Father David quoted Saint Nicolai of Ochrid in one of his post and I think it would be good to try to find more of the Holy Fathers views on this also.

In Christ.
Daniel,

#2 Xenia Moos

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Posted 17 March 2012 - 06:02 PM

I am very interested in this topic. I think much of American Christianity is, unfortunately, "rights" based. "I said the sinner's prayer, or I was baptized, and now I have 'the right' to go to heaven."

I can only think of one place in the New Testament where a person claimed a legal right and that was when St. Paul claimed the right to appeal to Caesar, and even in this case claiming this right was not for his own safety and comfort but for the furtherance of the Gospel.

#3 Kusanagi

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Posted 17 March 2012 - 08:28 PM

I am interested to know particularly from the members of the clergy what they think about wearing the cross in public. Since in the UK 2 women are taking their case of being dismissed from work for wearing the cross in public to the Human Rights Court in Strasbourg.
The Russian Cathedral here in London highlighted the story on their web site but no published statement yet from their half.
The argument against wearing the cross is the Bible does not state that Christians should wear a cross so they shouldn't wear one at work.
I wear one all the time but no one so far has told me to take it off, thank God.
The women's argument are that people of other faiths are allowed to wear symbols of their religion but Christians are not.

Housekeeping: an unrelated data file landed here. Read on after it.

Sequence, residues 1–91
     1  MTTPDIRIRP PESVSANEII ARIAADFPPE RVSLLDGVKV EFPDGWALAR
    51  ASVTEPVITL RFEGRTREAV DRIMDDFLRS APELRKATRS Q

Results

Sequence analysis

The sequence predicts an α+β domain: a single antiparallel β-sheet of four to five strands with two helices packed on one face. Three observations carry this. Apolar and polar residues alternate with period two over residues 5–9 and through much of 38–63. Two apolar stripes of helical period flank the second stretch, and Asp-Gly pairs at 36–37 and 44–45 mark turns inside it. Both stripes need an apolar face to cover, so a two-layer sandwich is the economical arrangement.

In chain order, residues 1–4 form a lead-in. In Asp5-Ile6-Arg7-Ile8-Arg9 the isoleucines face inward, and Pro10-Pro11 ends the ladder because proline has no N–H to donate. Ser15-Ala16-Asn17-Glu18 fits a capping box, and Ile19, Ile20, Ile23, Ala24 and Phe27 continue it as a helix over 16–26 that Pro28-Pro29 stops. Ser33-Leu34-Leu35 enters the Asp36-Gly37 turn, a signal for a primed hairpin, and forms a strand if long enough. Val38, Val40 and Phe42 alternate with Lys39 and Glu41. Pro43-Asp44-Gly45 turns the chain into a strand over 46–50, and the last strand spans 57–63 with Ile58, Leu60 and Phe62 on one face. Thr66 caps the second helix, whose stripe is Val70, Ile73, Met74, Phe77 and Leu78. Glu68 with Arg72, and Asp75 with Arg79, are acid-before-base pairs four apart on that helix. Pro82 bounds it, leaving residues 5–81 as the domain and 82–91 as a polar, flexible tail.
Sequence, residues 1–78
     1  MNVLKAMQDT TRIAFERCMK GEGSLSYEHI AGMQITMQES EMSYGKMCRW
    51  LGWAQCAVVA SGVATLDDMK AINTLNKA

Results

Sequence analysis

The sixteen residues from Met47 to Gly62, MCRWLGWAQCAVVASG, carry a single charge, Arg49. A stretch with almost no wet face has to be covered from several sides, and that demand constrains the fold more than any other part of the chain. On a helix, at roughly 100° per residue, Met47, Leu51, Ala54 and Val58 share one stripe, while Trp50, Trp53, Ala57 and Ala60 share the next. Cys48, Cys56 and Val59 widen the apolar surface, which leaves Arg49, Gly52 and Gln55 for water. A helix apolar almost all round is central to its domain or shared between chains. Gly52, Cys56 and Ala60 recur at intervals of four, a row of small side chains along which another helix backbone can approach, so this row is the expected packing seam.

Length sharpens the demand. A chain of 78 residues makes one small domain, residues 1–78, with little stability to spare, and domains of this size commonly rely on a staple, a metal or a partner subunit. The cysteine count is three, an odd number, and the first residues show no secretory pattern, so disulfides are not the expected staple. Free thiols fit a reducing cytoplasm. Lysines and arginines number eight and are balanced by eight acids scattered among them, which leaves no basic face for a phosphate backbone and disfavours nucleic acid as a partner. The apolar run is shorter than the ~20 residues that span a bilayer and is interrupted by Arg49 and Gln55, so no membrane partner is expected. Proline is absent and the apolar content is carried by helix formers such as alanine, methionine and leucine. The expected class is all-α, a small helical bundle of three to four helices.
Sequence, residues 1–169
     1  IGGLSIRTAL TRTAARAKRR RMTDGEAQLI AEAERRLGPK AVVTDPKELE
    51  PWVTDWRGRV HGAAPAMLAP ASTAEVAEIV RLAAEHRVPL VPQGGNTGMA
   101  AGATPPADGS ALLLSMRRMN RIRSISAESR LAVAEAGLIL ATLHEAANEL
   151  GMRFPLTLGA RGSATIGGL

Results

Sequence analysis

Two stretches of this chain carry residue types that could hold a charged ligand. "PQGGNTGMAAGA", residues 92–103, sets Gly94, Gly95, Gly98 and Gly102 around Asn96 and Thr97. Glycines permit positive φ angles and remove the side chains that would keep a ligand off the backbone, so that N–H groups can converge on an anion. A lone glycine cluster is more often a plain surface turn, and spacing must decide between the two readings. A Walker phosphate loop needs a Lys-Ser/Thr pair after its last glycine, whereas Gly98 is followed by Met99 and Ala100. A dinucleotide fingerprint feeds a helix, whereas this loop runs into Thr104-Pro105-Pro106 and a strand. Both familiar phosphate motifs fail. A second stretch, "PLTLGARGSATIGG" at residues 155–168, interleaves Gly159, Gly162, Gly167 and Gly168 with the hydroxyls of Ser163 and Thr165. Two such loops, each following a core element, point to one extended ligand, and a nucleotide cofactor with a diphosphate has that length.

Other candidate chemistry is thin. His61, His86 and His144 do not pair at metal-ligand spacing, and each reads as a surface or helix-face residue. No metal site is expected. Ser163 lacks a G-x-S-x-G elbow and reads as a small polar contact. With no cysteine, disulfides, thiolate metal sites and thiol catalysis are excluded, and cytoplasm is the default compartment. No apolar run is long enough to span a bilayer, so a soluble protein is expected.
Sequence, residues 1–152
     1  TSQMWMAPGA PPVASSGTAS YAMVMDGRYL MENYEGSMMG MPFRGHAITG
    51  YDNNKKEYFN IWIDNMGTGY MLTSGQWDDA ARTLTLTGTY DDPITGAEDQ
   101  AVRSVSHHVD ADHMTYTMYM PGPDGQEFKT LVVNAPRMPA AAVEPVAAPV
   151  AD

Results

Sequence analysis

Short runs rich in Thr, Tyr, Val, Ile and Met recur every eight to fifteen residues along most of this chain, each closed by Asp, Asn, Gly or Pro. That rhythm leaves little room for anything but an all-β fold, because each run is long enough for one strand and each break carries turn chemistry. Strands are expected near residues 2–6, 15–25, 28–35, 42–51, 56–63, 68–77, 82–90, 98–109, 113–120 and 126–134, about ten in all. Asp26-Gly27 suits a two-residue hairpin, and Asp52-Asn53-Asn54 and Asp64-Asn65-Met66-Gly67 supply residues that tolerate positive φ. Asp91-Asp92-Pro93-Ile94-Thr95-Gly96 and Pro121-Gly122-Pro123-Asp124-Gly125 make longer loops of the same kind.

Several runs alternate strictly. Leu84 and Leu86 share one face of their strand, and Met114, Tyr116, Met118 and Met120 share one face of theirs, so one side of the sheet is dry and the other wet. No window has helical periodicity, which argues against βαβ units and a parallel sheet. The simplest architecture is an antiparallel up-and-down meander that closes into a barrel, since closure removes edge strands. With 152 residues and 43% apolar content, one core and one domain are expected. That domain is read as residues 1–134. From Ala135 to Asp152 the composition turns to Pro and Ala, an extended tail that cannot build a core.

#4 Rdr Andreas

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Posted 17 March 2012 - 08:54 PM

In the 2010 Court of Appeal case, Eweida v British Airways plc, Sedley LJ said that wearing a cross was not a requirement for a Christian. That may be true of Protestants - I don't know about Catholics. But Mrs Eweida is a Copt. I would have thought that for Copts and for Orthodox, wearing our baptismal cross is a requirement. Any opinions on that? I have heard a few stories in Russia of rebellious children 'taking off their cross' (literally), ie cutting themselves from the Church and refusing to go anymore. Mrs Eweida is one of two women (the other is Mrs Chaplin, a nurse) taking their cases to Strasbourg. If there were clear and authoritative evidence that we Orthodox are required to wear our cross, that could have a bearing on the outcome. However, I think in some cases, there is an element of unreasonableness on the part of those involved; there is no reason why our cross should be visible, and the nurse, Mrs Chaplin, was told she could even wear her cross like a pin on her uniform but she insisted on her "right" to wear it on a chain around her neck so it was visible. Well, my cross is not visible.

The following is from the National Secular Society of the UK. Why do I quote from them? Because what this says is accurate, and the newpaper headlines are not:

The Mail announced "Minister in legal battle to STOP Christians being able to wear a cross to work." Now what would you understand from that headline? That the police would be enforcing the exclusion of crosses from the workplace, perhaps? Or that new rules were to be introduced to compel employers to sack workers found in possession of the "banned" symbol?

The Daily Telegraph – always flying on the Mail's coat tails – headlined "Christians have no right to wear cross at work, says Government."

Its story attracted something like 2,000 comments from readers – none of whom seemed to have read beyond the headline and most of whom were, of course, fizzing with indignation. You can't blame them – so would I be if the headlines bore any relation to the truth.

In fact there is no ban on crosses in the workplace. Up and down the country, in work places from Lands End to John O'Groats, people are wearing crosses of all shapes and sizes, and it isn't a problem. No-one is complaining, and it doesn't cause a problem.